One of the stupidest continuing trends in cannabis is the idea of pushing enforcement before access.
Much of the time this trend falls on the heels of shitty regulatory rollouts or subpar companies selling mids to the masses coming to terms with the reality of the moment. When it’s time for someone to blame, it’s usually the traditional market that takes most of the hate.
Frequently people speak as if the 50-year-old marketplace mostly forced to exist in the shadows due to the continuing prohibition of cannabis came out of nowhere. The buster would have you think it appeared just to ruin their dreams of world domination.
Regulators have been screwing up legal cannabis rollouts state by state for a decade now. Just like the dudes with bad pot, they’ve been quick to blame the underground economy for why their master plan went off the rails. With cannabis laws in the country currently the sworn enemy of those who like a dash of homogeneity in their public policy, there is always something new to blame the black market for.
But New York might be the most fascinating case in all of this yet as they work to push unlicensed sellers back underground to the delivery networks that fed NYC’s thirst for cannabis for many years. What makes it nuts is the grand total of eight storefronts. That works out to roughly one dispensary for every 2.5 million people. Those lines are going to suck. And I think it’s fair to say this can in no way, shape, or form be considered real access, especially given how many people want to smoke pot. This is more of a pandering approach. At the very least there should be 50 equity shops in the city right now, snowballing well down the mountain for other operators hoping to get in the mix in the not too distant future following the effective execution of the equity program.
But officials think enforcement is the answer.
“New York is proud to have undertaken the most equitable legal cannabis roll-out in the nation and the State will not stand idle as unlicensed operators break the law and sell untested products to underage New Yorkers,” New York Governor Kathy Hochul said last week. “These enforcement actions are critical steps to protect and help those individuals who were promised a shot to start a legal business and be successful. Additionally, these unlicensed operators undermine the State’s efforts to generate substantial funds for a social equity fund that will go into the communities that have been hardest hit by over-prosecution of the cannabis laws in the past.”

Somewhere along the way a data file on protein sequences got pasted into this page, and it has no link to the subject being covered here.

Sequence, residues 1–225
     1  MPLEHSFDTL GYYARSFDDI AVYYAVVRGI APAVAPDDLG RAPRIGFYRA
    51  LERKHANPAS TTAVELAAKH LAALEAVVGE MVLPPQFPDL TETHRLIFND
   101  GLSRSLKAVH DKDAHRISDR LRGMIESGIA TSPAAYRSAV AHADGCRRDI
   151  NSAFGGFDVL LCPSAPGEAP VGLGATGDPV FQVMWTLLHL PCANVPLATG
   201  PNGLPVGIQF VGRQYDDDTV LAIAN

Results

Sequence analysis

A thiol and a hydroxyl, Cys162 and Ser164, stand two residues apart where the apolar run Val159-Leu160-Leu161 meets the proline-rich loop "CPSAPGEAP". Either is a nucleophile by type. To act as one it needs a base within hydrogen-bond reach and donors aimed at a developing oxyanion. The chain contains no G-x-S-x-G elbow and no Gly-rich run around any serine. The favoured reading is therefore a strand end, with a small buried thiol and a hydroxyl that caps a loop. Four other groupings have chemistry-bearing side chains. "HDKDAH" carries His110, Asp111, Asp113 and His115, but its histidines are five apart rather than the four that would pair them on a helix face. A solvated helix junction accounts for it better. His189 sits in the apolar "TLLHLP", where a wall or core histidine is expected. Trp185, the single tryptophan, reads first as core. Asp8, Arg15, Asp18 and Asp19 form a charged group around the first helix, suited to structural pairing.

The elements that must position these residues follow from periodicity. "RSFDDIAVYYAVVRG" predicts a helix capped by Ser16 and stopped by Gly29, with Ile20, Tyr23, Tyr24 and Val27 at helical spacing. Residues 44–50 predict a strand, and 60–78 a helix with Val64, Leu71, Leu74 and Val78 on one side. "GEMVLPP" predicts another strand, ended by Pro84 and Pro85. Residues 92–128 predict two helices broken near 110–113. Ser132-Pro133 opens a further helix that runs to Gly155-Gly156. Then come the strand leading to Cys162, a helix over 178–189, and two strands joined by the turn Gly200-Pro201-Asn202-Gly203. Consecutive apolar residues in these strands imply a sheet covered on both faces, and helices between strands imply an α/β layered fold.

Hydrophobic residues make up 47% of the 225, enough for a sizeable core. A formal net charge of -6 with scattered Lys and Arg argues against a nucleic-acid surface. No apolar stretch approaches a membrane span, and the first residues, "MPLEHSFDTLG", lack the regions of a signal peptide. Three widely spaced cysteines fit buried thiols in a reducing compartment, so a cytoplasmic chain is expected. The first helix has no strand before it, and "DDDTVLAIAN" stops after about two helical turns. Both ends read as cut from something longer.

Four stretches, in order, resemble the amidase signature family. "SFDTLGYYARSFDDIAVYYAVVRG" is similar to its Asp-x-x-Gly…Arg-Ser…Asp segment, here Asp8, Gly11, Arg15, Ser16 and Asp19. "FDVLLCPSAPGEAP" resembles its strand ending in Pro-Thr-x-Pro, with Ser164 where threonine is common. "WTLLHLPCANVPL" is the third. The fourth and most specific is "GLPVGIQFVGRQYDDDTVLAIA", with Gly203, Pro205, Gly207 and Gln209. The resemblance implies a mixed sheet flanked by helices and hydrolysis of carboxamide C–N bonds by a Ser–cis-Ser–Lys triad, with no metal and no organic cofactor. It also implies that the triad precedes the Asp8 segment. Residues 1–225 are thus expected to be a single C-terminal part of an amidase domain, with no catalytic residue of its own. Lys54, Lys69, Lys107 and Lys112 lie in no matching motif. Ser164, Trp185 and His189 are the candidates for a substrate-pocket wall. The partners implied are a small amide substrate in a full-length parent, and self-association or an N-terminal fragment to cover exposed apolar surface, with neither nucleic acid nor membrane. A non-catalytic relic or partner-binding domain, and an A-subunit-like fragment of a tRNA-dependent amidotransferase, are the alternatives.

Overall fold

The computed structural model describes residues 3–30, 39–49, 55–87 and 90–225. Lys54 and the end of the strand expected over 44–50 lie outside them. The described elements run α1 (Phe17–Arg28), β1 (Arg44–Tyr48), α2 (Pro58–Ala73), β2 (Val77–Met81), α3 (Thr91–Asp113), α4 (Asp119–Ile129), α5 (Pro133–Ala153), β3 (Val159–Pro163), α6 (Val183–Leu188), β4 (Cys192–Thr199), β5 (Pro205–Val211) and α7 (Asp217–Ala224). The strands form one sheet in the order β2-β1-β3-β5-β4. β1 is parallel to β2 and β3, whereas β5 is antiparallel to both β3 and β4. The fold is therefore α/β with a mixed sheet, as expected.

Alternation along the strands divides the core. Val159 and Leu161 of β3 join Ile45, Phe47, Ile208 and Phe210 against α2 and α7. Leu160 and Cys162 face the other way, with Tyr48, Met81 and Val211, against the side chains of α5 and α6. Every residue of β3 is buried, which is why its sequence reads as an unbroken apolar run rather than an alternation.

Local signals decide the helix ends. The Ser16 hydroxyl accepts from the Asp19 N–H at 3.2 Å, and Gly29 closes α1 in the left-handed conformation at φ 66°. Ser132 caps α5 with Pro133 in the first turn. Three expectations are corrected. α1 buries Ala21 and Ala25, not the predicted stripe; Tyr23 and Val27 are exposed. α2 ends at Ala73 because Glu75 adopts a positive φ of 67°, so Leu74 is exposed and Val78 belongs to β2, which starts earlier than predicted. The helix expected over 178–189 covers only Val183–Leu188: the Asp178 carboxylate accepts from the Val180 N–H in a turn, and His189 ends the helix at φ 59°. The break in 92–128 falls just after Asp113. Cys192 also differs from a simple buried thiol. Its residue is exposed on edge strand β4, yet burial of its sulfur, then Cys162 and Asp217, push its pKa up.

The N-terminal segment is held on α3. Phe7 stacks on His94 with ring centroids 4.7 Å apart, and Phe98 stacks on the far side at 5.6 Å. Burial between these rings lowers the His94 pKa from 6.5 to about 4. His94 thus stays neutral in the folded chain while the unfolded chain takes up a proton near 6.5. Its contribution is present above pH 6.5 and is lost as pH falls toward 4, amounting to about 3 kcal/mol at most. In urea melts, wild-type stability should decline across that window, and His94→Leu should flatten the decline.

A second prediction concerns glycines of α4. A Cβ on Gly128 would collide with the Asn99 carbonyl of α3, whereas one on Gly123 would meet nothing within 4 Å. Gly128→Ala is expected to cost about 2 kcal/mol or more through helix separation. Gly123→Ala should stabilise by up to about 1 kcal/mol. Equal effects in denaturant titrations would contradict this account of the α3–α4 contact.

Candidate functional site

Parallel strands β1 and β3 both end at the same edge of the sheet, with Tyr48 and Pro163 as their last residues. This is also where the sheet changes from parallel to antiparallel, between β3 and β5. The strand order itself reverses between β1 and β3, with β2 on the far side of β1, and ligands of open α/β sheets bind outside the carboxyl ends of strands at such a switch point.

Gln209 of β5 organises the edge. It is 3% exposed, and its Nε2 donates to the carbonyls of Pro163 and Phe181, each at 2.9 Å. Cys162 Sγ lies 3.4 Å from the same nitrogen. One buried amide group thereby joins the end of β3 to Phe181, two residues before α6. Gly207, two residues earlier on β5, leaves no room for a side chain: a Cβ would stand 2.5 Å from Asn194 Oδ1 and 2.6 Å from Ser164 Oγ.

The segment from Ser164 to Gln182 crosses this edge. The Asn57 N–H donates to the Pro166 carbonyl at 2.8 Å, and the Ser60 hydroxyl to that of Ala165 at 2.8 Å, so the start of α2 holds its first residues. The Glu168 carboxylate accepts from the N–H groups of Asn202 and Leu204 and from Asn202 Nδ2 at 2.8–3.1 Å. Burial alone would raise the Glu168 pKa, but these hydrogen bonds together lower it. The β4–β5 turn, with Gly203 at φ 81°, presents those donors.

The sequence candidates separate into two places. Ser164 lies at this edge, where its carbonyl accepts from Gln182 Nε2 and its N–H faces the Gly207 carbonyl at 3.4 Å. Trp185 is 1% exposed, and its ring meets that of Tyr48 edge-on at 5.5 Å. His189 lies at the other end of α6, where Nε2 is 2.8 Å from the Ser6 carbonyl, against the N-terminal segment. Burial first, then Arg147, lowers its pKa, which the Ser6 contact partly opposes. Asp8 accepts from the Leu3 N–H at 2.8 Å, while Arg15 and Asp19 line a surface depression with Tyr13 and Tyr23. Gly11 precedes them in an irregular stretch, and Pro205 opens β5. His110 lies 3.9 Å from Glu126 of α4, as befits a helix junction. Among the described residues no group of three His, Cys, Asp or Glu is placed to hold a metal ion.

The most important thing to note here is these storefronts are just the recent physical manifestation above the water of the iceberg that is the New York trap scene. The retail element is a hyper fraction of the dudes still flipping sacks from Long Island to Canada. The state chipping a few cubes off into a glass is a joke. These eight stores currently open as of this Tuesday have access and first dibs on all the legal marijuana in the state right now. If they can’t find some heaters in the mix that make them commercially viable while they have a monopoly on the marketplace they are absolutely fucking hopeless.
The handful of trap shops that got hit across NYC last week will just serve as figureheads of a pandering enforcement. Even if the Trap NYC-retail experience is temporary, the cloud of that marketplace over the legal market isn’t the problem, it is the lack of development within the regulated market itself. Worst case scenario, the city uses the underground economy as an excuse to go back to being one of the most prolific arresters of misdemeanor cannabis crimes in history.
And again it’s not just the regulators spouting this nonsense but the people trying to dip their toes into legal cannabis after they made their exit from whatever space they’d previously looted and pillaged. It’s a lot easier to tell their dads (or wherever they found their funding) the real problem they’re running into is some guy with a four-lighter in Queens and not their business plans.
And most importantly, the current access levels in New York shouldn’t prove to be a talking point in the damnation of Social Equity programs. The whole rollout was the problem, not the idea of giving the communities that were hit the hardest by the war on drugs the best shot possible in the industry.
Another problem with enforcement without access is the vacuum of violence it creates. I’ll explain. A lot of enforcement on the trap side of things is focused on warehouse grows that have a bigger demand than ever across America. When a warehouse gets hit, its customers don’t magically disappear. This type of situation has certainly led to at least some of the waves of violence we’ve seen at legal dispensaries, distributors and cultivation sites, as people looked to replenish their wares at the cost of the legal market. Sure there are plenty of for-profit people to rob, but I would be hard pressed to believe with the thousands of crimes that have targeted the legal cannabis industry over the last decade that none of them were a direct result of enforcement.
Officials should be focusing on opening doors to dispensaries instead of prison cells. The real solution is normalizing dispensaries everywhere. People don’t buy cannabis off the street because they want to, they buy it because it’s probably better with no taxes and easily accessible. While it will be tough for rec shops to match the lack of taxes and overhead the streets have to offer, they have a shot at accessible heat. That’s a much better plan than trying to pin your problems on some OG that’s been selling overpriced hydro in Brooklyn since the mid 1990s.